Doping, Press Releases, Human Rights

Sport-Political Recap and Outlook After the Winter Olympics

Berlin, February 19, 2022. The Olympic Games in Beijing are drawing to a close. We were thrilled by the athletes’ performances and sporting successes. We congratulate them on their impressive results and pay them our utmost respect. Each participation in the Olympic Games and each outstanding athletic performance has its own personal story, and we would like to express our great appreciation to each and every one of them.

The disastrous human rights situation in China, safety concerns and the special circumstances of the pandemic had already cast a shadow on the Games in the run-up. We are impressed by the will and persistence of all athletes who have made the journey to Beijing. All athletes will likely return home safely. We hope that they will have access to sufficient mental support, which is particularly important in the aftermath of career highlights such as the Games.

The Beijing Games have rightly been the subject to critical debate in recent weeks and months. We have also taken a detailed position on the human rights situation in China and the responsibility of the IOC, states, federations, and sponsors. After the case of Peng Shuai, we also called on the IOC to nail its colors to the mast in a detailed analysis last year: The most powerful organization in the world of sport must finally give top priority to its duty of care for athletes and its human rights responsibilities.

Even before the Games, the IOC failed to take numerous opportunities to fulfill its human rights due diligence obligations in a sufficient and credible manner. Moreover, concerns around inadequate quarantine conditions, increased censorship activities by China, or restrictions on internet and press freedom have proven to be substantiated. The IOC has not distanced itself strongly enough from Chinese threats against critical statements by athletes. It has not been able to credibly put a stop to the threat of spying and espionage, not least because of security vulnerabilities in the My2022 app that came to light.

Several incidents at the Games also made clear that the culture of silence at the IOC urgently needs to end. It continues to be ill-suited, even counterproductive, to mastering the difficult balancing act of sport: not allowing itself to be politically captured, promoting international understanding, and not betraying its values at the same time. The IOC’s continued silence on the most serious human rights violations and crimes against humanity in China lend those tacit acceptance. In dealing with Peng Shuai and Taiwan, the IOC has offered itself to the Chinese leadership. As expected China was able to use the Games as a platform for its propaganda purposes, including choosing an Uyghur torch bearer in the opening ceremony right at the beginning.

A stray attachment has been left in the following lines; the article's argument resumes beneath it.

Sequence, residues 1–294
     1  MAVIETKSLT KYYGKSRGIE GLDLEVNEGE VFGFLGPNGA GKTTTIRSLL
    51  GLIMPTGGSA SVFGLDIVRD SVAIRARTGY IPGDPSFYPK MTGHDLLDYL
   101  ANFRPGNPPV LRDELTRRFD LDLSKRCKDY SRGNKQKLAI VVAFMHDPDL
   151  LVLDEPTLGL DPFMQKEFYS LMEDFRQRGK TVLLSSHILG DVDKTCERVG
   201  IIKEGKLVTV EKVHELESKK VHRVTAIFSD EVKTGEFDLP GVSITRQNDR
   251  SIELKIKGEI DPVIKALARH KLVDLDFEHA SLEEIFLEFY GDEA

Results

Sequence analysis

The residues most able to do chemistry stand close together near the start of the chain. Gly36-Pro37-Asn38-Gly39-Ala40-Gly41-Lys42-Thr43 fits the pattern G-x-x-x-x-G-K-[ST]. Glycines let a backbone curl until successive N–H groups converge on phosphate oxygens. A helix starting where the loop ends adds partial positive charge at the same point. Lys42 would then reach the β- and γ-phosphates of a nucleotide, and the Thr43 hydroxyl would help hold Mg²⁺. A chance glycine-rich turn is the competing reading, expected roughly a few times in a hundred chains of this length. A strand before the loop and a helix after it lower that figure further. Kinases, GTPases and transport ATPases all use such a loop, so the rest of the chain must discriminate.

Athletes are the most visible group at the Games. However, they bear no responsibility for the situation in which the IOC has maneuvered them into, and collectively they have not enough weight yet to affect the IOC and the system of international sport at this point. At the beginning of the Games, it became apparent that the IOC views them as actors in a play that it is orchestrating together with China. Athletes are affected by decisions in which they were not involved; they are themselves exposed to human rights risks in sport.

No athlete must comment on the circumstances of the Games. However, everyone must have the right to express themselves freely, safely and without fearing any kind of disadvantages or reprisals. We have already explained this position on athletes’ freedom of expression in detail. Some have made use of their right. We understand if others have also censored themselves out of self-protection. We are disappointed that the Games were not accompanied by continuous criticism from institutional stakeholders such as sponsors or federations. A position of the DOSB on the human rights responsibility of sport in general and regarding the Games in China is still pending.